Maybe this story is meant to warn us of the danger of wanting something so badly we’ll do anything to get it. Unchecked greed will cause us to do things we never thought we would and hurt people in ways we never envisioned. Therefore, as a people of faith, we are to resist the temptation to be selfish and greedy, and call into account those who are, especially anyone in leadership.

Are you caught in that struggle today? What do you have your heart set on which may come with a higher price than you think?

Ahab’s desire for Naboth’s vineyard was not wrong. It was what he had to do to get it that was immoral. Naboth had both cultural and religious reasons for wanting to keep that parcel of land, which Ahab understood but chose to ignore.

This left Ahab with a choice. He could look for another piece of land, or let his wife take matters into her own devious hands, which she did while he sulked.

I often counsel people by telling them not everything good is good for them, and wise is the person who recognizes this. Furthermore, what helps us to see if something is good for us is the price we must pay to have what we want.

How we get what we want matters as much, if not more, than what we want. If we must be deceitful and hurt others, including ourselves, the price is too high, and the day will come when we will regret it. Just ask Ahab.

What was the last decision you made which you regret? What was the “vineyard” you did not think you could live without? What did you have to do to get it? Whose lives did you disrupt or destroy?

Like Ahab and Jezebel, did you lie about someone and destroy their good name? Did you bribe wicked people to do your dirty work? Did you go into partnership with someone you did not respect or trust? Did you keep all of your dealings secret and hidden from those who depend upon you or care about you?

Were you dishonest, disrespectful, ruthless and insensitive? Did you abuse your power and influence and threaten someone? Did you steal from someone? Did you take money which your family needed to pay bills and use it for something which you could have done without?

Did you break promises you made in good faith or covenants you had established with those closest to you? Did you ignore the advice of wise people whose opinion you respect?

Did you neglect your family or jeopardize your health? Did you turn away from God and the most important people in your life? Did you compromise your values and principles?

What did you do to get what you thought you could not live without? Was it worth the price you paid? If you had it to do over, what would you change? What do you need to do now?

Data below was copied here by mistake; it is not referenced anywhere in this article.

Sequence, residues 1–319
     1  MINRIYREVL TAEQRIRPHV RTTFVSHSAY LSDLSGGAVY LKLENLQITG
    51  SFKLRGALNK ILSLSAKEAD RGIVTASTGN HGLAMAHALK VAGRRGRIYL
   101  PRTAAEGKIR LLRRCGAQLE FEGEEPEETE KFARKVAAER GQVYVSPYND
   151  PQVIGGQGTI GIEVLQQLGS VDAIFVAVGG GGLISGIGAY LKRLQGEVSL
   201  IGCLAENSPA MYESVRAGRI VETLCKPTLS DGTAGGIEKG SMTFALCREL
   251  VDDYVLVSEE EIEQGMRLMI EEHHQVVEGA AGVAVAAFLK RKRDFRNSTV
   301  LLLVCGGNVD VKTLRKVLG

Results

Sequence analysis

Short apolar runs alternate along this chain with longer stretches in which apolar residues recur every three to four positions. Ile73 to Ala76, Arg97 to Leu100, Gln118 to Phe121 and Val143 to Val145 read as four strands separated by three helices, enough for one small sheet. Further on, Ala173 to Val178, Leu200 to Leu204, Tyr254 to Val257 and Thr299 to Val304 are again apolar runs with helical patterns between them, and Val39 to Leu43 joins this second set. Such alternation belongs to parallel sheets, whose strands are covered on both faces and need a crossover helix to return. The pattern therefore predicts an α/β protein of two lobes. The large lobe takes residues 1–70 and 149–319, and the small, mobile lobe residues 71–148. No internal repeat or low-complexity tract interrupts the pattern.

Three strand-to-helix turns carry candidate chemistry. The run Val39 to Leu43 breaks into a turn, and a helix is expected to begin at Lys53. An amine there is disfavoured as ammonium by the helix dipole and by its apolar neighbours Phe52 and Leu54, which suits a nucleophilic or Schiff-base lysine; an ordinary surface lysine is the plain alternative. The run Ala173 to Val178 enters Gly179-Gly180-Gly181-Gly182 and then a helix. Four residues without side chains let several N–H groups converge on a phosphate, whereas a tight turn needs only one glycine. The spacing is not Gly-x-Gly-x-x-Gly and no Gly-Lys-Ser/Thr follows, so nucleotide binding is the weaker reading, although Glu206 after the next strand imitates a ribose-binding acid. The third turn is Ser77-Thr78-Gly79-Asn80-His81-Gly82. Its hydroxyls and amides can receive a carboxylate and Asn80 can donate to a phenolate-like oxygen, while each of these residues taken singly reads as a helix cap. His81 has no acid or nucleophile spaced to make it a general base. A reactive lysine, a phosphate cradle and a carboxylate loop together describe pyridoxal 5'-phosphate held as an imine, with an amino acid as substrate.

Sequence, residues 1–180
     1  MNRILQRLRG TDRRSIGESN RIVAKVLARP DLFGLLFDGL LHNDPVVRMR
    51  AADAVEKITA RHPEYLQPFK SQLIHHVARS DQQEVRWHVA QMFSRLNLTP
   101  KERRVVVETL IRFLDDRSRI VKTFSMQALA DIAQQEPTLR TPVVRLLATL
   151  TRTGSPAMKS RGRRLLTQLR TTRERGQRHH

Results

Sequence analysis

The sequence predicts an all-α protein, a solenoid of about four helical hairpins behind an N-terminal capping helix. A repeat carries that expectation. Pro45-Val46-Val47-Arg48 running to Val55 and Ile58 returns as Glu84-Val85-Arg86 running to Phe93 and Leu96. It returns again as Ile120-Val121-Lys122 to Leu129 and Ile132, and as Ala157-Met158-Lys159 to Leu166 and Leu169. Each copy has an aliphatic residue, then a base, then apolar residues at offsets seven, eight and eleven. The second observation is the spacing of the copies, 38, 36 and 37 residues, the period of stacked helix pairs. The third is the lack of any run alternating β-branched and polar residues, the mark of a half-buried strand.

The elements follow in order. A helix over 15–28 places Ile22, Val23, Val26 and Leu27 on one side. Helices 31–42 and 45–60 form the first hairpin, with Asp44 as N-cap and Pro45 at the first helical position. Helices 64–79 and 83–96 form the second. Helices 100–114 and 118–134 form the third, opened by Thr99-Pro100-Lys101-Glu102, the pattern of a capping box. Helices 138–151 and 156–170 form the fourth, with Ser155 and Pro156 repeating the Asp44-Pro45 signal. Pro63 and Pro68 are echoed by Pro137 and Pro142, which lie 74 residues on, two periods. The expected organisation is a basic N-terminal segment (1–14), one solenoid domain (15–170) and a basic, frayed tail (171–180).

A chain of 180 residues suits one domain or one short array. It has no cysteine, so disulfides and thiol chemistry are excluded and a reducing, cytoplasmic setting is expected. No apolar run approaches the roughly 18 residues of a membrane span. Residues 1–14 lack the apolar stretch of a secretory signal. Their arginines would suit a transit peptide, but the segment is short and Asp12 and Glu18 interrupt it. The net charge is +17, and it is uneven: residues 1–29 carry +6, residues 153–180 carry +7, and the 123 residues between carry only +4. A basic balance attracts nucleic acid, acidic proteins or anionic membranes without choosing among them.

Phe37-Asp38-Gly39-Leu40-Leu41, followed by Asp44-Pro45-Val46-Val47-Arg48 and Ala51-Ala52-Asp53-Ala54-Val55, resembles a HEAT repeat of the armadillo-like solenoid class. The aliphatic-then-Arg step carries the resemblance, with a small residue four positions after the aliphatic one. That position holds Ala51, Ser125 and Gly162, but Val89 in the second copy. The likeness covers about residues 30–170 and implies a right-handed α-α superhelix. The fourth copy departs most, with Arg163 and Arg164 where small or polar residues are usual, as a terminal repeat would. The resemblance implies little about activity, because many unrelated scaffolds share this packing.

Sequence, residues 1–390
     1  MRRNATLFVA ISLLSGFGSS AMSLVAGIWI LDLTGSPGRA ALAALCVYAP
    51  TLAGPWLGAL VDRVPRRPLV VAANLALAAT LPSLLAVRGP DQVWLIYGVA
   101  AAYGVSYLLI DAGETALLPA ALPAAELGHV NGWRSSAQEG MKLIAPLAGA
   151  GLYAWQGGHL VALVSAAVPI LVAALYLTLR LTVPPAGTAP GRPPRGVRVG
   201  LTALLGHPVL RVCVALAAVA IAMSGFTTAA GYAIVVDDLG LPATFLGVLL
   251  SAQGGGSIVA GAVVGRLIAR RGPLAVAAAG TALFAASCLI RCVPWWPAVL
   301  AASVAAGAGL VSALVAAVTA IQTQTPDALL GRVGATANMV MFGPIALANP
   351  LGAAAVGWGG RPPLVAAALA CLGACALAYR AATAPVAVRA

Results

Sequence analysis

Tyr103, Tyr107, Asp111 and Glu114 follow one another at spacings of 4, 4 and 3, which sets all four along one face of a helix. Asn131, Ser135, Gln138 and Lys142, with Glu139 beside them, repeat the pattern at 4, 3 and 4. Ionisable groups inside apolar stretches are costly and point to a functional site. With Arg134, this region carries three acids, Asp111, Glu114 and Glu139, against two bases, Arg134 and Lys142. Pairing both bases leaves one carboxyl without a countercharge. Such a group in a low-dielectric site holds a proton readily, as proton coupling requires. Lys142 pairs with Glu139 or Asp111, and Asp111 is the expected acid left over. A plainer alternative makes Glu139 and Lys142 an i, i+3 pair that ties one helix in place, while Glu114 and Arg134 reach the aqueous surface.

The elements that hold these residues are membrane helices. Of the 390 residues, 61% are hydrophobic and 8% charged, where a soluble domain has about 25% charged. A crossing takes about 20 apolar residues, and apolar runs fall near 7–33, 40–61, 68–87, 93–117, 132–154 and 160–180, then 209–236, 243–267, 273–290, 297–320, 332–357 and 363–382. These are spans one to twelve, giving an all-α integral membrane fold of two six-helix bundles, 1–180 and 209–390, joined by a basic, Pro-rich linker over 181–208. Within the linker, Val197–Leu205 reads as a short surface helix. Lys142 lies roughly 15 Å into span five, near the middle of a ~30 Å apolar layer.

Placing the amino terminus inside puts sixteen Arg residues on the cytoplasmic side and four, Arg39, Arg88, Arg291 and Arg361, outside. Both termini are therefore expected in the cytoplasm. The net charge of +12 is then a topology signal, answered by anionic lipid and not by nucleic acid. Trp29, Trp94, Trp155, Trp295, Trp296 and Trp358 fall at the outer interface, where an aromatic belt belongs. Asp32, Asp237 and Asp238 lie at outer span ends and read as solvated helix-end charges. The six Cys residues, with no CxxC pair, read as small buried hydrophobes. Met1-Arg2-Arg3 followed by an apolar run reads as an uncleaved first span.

When Elijah confronted Ahab, the king confessed his sin and repented. It appears he was truly sorry, and God heard his prayer for forgiveness.

I believe God will be merciful with you, too, and help you to repair the damage you have done. It is never too late to try, and when you do God will use you and your story to help others who are struggling.

This is Father’s Day. Perhaps it is time to have conversations with your children about these kinds of decisions.

Talk to them about how powerful and dangerous selfishness and greed are. Share personal stories. Tell them about the times you paid too high a price to have what you wanted, and times you refused to do that and are so glad you did.

Tell them what values guide your life and help you to make wise decisions. Talk to them about the importance of always being honest, reliable, trustworthy, dependable, respectful, considerate, kind, grateful, humble, compassionate, generous and forgiving.

Tell them how important it is to be a good neighbor, to keep their word and promises, to encourage people who are struggling, to pull for the underdog, to stand up to bullies, to speak up for those who never have a seat at the table of decision-making and to use their power and influence appropriately by listening to others and considering their well-being. 

Explain to them what it means to live by the Golden Rule, at all times and in all places. Better yet, model it every day.

Help them to understand that any decision which forces them to undermine these values needs to be reconsidered. The price which accompanies it will be higher than they think.

Talk to them about the importance of faith. Tell them they will need God’s help to live by these values, especially when the strong winds of temptation blow their way.

Assure them God will be there for them, eager to give them the strength, courage and discipline they need to do what is right. Let them know God will also be there to pick them up when they fail with a forgiving heart and helping hand.  

And then, pray each day for your children. Ask God to help your children be a good steward of their time, talents and resources by seeing the difference between what they want and what they really need. Also, ask God to help you be a wise mentor and good role model as you guide them to make healthy decisions.


Share This